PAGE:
For the first time in its history this Foster Festival production has an all-female cast and creative team. Lisa Horner, much loved as an actor and singer, makes her directing debut with this show. She proves that she has an attention to detail in acting and in interpreting the text that matches and actually exceeds that of some of the most experienced directors.
Horner empathizes with the very different plights of all five of the play’s characters and because of that we, too, empathize with the characters, including the angry Clara driven to distraction by her husband’s infidelity. Catherine McGregor plays Jenny as a steely character, an efficient, no-nonsense businesswoman who does not think that her business which provides a much-valued service in Baxter Springs, should be run or regarded any differently than any other business in town. Jenny’s high-mindedness and common sense imbues the entire business and, indeed, our view of Jenny’s business.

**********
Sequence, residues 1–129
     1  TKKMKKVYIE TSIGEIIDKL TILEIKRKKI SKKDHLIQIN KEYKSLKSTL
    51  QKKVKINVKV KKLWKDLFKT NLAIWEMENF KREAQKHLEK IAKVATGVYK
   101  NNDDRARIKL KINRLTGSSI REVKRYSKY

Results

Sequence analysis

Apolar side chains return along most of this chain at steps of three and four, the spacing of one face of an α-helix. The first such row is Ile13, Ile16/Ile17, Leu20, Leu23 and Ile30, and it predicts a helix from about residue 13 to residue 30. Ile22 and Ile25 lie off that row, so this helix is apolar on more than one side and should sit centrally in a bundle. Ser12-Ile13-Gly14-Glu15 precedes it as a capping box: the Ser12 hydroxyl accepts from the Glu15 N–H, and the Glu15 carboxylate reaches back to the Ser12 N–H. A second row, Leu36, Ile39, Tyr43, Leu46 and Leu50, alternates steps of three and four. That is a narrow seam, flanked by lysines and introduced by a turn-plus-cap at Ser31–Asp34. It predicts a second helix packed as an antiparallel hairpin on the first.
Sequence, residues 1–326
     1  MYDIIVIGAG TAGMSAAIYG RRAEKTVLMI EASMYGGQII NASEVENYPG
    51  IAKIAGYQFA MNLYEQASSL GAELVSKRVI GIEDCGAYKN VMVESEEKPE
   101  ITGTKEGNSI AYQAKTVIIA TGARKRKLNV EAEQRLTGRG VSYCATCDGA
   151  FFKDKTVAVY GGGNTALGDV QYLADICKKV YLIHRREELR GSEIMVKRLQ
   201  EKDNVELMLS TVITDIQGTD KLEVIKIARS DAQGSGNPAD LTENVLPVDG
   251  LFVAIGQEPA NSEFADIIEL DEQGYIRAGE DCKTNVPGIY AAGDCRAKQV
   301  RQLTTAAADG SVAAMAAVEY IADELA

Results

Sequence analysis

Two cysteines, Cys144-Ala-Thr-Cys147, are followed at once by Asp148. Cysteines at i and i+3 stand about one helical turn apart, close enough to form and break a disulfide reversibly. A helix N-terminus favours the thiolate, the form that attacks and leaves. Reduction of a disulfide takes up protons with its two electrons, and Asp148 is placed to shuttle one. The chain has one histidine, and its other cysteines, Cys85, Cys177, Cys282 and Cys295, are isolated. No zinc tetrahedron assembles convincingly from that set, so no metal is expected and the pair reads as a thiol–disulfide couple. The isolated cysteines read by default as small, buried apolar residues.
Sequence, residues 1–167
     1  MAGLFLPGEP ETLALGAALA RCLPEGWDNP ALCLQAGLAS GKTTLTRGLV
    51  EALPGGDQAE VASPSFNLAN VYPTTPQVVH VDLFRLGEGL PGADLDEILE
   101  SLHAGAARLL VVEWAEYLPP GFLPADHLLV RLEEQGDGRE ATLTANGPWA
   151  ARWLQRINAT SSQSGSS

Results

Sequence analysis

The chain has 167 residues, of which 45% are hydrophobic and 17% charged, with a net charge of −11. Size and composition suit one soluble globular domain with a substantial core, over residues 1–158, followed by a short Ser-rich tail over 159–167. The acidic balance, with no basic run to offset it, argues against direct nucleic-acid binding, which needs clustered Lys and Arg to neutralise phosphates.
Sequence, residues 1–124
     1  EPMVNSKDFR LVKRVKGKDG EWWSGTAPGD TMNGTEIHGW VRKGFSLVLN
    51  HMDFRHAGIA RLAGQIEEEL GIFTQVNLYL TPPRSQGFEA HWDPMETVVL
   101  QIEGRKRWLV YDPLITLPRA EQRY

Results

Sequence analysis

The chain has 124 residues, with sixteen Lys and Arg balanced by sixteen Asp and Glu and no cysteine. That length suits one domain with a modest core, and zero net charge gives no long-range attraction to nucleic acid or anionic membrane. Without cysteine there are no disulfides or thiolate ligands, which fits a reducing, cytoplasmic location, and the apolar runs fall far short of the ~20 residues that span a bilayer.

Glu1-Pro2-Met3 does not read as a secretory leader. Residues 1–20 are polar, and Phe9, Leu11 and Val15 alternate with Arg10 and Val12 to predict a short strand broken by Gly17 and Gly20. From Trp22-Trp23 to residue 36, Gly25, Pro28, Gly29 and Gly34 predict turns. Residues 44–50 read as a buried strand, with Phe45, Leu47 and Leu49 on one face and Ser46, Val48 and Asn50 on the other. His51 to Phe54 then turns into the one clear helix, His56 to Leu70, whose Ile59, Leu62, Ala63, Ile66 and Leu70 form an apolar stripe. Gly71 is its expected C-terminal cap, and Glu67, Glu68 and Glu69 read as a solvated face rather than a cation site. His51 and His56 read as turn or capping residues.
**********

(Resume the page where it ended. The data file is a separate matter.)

Anyone who comes to Jenny’s House of Joy expecting to revel in lewdness will be disappointed. The high tone that Jenny establishes, so well embodied in McGregor, means that all discussion of what precisely the girls do who work there is couched in euphemisms and metaphors. Much of the play’s humour comes from our teasing out the meaning of the girls’ discussions.
While McGregor may portray Jenny as steely meaning determined, unswerving and impervious to insult, McGregor’s Jenny is also steely meaning tightly wound. From early in the action, McGregor gives the impression that Jenny has so many issues to deal with that she is expending a lot of energy to keep herself controlled. Jenny manages this control through Act 1, but when Natalie brings up a plan that will threaten Jenny’s business, McGregor rightly has Jenny explode and release the tension that had been building up in the character until that point. It’s a finely detailed performance and one of McGregor’s best, including her 15 seasons at the Shaw Festival.